Today’s Project

As I was leaving my political meetup last night, one of the guys stopped me to tell me my headlight was burned out. Damn! It was dark already, all I needed was to get pulled over and get a ticket (or worse). I was looking over my shoulder the whole way home.

I made it home OK last night, so today I had to figure out how to change out the headlight. I’ve done it before, but that was a long time ago. New cars are nowhere near as easy to work on as the old ones were. Not too many ‘shade-tree mechanics’ around anymore, no wonder why. I gave up working on my cars years ago- it’s just too complicated now.

Thank goodness for Google!

I found this video and it told me exactly how to do the job. It went pretty well. I did have to take the flasher (turn signal) light off, it did make it much easier. Taking it apart was simple once I found the right size wrench. 🙂

The hard part was trying to get those 3 long bolts back in place with their guides in the original position. They’re supposed to slide right down those grey pieces sticking out in the photo. I got the bolts back in, but I’m pretty sure they’re not in the same position. It was really tricky to get all 3 of them back in there. The one in the back is really hard because you really can’t see it and there’s no way to reach back there to guide it either (even with a screwdriver).

It’s important to put them back in the same position they were in.  That’s how the lights are aligned to shine at the road in front of you rather than at the sky or a tree on the side of the road. I’m sure I did not get the light back in the same way it was when I took it out, but it looks like it’ll work well enough.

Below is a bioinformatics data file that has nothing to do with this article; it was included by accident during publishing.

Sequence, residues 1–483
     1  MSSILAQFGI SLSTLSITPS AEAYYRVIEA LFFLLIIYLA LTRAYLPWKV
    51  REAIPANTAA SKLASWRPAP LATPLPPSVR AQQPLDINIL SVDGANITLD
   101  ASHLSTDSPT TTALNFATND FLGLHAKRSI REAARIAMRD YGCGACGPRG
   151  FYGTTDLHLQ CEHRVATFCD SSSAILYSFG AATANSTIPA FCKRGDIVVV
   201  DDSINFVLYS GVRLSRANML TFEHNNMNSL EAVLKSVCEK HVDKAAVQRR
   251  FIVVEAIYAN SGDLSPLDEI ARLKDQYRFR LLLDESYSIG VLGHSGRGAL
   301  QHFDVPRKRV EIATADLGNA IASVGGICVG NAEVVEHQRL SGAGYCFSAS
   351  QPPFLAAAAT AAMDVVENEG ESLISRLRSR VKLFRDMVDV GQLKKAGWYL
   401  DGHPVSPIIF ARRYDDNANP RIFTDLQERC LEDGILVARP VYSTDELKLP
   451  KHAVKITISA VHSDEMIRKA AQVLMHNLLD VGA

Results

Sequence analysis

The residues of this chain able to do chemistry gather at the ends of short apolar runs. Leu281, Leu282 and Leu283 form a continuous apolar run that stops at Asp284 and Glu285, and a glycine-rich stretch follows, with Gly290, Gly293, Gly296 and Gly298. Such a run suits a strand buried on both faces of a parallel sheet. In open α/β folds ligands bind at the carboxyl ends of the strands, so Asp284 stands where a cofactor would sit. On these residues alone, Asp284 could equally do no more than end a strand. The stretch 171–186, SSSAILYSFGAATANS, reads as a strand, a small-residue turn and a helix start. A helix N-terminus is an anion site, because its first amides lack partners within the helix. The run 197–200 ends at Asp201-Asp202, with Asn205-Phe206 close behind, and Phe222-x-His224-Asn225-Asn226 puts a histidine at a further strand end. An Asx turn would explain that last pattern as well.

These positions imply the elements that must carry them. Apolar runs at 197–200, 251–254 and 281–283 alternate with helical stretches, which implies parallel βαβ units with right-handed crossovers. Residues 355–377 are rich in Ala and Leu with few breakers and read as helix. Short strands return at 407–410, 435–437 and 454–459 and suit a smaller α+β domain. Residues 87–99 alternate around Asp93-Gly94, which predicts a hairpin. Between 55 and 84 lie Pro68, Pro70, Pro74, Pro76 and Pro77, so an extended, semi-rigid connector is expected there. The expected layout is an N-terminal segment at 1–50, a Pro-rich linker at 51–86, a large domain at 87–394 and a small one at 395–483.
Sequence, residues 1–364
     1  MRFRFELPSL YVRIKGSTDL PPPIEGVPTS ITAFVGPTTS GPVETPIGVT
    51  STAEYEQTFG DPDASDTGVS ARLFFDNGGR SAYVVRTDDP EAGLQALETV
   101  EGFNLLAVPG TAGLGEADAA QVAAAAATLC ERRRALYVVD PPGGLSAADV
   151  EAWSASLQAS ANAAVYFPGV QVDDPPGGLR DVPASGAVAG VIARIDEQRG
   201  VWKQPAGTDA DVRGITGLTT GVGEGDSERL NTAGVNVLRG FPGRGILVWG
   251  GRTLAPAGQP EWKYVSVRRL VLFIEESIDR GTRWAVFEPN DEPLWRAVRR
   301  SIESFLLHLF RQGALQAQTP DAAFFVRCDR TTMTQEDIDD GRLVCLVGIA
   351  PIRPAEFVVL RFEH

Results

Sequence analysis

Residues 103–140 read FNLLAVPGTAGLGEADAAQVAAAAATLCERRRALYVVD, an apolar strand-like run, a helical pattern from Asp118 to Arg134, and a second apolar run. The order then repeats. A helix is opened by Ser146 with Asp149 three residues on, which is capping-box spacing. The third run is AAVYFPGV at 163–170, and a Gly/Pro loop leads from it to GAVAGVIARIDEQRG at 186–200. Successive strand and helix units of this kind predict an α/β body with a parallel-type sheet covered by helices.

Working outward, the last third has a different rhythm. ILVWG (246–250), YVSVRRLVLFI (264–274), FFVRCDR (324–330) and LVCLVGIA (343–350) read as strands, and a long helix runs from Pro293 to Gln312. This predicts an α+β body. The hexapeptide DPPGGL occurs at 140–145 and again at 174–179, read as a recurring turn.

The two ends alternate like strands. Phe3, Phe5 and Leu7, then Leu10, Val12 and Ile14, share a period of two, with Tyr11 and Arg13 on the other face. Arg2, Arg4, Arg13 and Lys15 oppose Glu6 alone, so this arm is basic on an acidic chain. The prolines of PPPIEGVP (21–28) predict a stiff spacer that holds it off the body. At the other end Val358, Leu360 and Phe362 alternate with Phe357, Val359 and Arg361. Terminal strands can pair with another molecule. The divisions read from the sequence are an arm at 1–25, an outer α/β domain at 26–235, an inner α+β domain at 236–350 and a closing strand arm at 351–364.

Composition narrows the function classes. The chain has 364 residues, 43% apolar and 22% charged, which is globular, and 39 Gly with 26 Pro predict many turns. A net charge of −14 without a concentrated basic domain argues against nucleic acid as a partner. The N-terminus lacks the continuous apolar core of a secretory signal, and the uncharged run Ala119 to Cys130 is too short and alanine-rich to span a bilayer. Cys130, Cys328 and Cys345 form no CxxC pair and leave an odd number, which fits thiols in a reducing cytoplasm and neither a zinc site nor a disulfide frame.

I tested all the lights and they all work! Yeah!

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2 thoughts on “Today’s Project

  1. Capt. Jill, for future reference, there’s a trick to reinstalling a screw or bolt in plastic. Once the fastener is in the correct place, turn the had of the fastener backward (usually CCW)–slowly & gently. It will usually, once the threads are in the right relation to one another, “seat” itself slightly; that is, it may & often will drop a little further into its assigned place. This helps avoid cross-threading (when both parts are threaded) or cutting new threads (with fasteners into softer materials, such as plastics).

    Liked by 1 person

    • Thanks TN Budd!
      I’ll remember that.
      I think I would have had to take the entire front of the truck apart to be able to get to that back screw/bolt. No way to guide it in from the front at all, I was basically just guessing. I’m sure it’s not the exact same way it was before, the light sits at a little different angle. But it seems to be working OK, so I’m good with that for now. 🙂

      Like

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